I am a half-Asian, half-white cis mid-30s female who grew up nearby, and I am considering dumping my close late-20s cis Latina friend who grew up in rural [Northeast Georgia]. This feels like a last resort writing to you to see whether or not I am the asshole.
I think my friend might have some internalized racism, because she says things like “I don’t want to get tan too much and turn to another race” and seems to avoid Black coworkers who are too “ghetto” or who do not have a higher education degree. She loves country music and going to General’s, which I do not hold against her, except that that’s the main music she wants to listen to and the only bar she wants to go to. I love going out with her to other locations outside of Athens, but the way she talks it sounds like she wants nothing to do with the Black community other than dancing to their music.
We are both children of immigrants, but I think she subscribed to the “Black people just don’t try hard enough” mentality a long time ago. I do not believe that. I 100% disagree. I have worked very hard for what I have, but I also recognize that I have an immense amount of privilege as a straight cis half-Asian, half-white person with a stable family, even though I present as a “brown” person and so does she. How do I deal with her friend like this? We have been friends for several years, and she is well aware of my personal views, so I think it might be time to give up instead of trying to get her to see how much we have compared to others instead of what we lack.
It just feels so awkward to navigate this with a friend who I think should understand the nuance of our situation as first-generation people of color and women in the South, but I can only take upon educating fellow brown folks so much!
Frustrated With A Friend
If you do decide to dump this person, I would support that 100%. I understand the struggle of wanting to maintain friendships with other marginalized people while also having to face their own prejudices and misconceptions. I have a great old friend from high school who is one of my favorite people on Facebook, but she’s also one of these people who worship capitalism to the point that she is mad at blue-collar workers for bettering themselves post-COVID. You know the ones: They crow about how lazy and ungrateful people are for wanting to quit the service industry and go on to more fulfilling jobs, and they suck because Sonic is understaffed now, and it takes too long to get her cherry limeade. We are both Black women, and I was a weirdo growing up, but she did not ostracize me like some of our other peers did. That’s important to me, and I won’t forget that, but that doesn’t mean I have to deal with her being a classist butthole. Also, we don’t see each other regularly, so getting her out of my life was easy: unfollow, mute, unfriend.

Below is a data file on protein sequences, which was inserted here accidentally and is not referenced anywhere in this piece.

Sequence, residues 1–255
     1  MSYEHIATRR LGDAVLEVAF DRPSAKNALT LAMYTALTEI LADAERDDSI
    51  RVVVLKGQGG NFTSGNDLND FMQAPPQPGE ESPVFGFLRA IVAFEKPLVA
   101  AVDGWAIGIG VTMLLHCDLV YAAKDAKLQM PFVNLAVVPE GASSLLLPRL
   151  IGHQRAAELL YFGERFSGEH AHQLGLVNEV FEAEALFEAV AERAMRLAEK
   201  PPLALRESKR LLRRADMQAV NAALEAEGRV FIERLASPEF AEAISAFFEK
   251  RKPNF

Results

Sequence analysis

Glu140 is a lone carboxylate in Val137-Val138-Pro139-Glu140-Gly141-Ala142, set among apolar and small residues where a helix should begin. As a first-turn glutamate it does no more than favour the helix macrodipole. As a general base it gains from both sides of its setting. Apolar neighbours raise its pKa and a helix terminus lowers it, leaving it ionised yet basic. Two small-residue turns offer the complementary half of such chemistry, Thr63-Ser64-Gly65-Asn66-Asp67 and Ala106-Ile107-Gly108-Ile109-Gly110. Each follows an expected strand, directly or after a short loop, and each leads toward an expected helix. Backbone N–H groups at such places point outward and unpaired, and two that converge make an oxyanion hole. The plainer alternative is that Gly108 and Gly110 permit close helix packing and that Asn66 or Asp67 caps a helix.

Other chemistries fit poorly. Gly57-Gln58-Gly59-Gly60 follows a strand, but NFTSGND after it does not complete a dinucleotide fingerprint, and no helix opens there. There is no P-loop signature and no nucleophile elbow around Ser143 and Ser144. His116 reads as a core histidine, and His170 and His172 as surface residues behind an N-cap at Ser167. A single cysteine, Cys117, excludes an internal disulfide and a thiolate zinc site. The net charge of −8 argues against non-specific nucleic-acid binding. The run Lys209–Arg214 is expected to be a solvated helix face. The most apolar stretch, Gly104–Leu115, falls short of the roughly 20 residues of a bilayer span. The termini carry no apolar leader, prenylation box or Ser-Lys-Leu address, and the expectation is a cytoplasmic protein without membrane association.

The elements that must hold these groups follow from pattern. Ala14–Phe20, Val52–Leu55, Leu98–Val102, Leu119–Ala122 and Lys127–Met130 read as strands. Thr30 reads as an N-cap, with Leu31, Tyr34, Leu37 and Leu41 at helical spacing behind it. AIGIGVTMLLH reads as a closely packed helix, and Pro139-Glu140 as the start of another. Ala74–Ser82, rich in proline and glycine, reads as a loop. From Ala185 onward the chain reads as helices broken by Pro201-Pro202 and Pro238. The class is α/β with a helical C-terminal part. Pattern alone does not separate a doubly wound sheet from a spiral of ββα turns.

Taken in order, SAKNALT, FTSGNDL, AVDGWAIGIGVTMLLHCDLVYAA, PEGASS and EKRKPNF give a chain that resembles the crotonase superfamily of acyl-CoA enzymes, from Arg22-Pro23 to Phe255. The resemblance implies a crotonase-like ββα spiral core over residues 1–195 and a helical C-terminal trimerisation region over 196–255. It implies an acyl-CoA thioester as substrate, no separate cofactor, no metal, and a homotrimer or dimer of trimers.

Classism is tacky, but racism is a no-go for me. You can start challenging your friend’s casual racism by calling it out every single time she does it. If she calls something ghetto or tries to imply that all Black people or people of color are lazy, ask her to explain what she means. Make her go through each point of her position and defend it. Show her the fallacies of her perspective and how they’re not based in facts, but learned racism on her part. I’m willing to bet that she has weird identity issues about her own brown skin, but that doesn’t make it OK for her to be racist towards other marginalized people.
Ultimately, none of this is your job to fix or tolerate. You can chip away at her racism and help her gain some perspective if you want, but that is emotional labor that I don’t think that people of color owe to anyone anymore, not even each other. There’s plenty of other friendships for you to experience, and they’d probably be less stressful and more fulfilling overall.
Need advice? Email email@example.com or use our anonymous online form at flagpole.com/get-advice.
Like what you just read? Support Flagpole by making a donation today. Every dollar you give helps fund our ongoing mission to provide Athens with quality, independent journalism.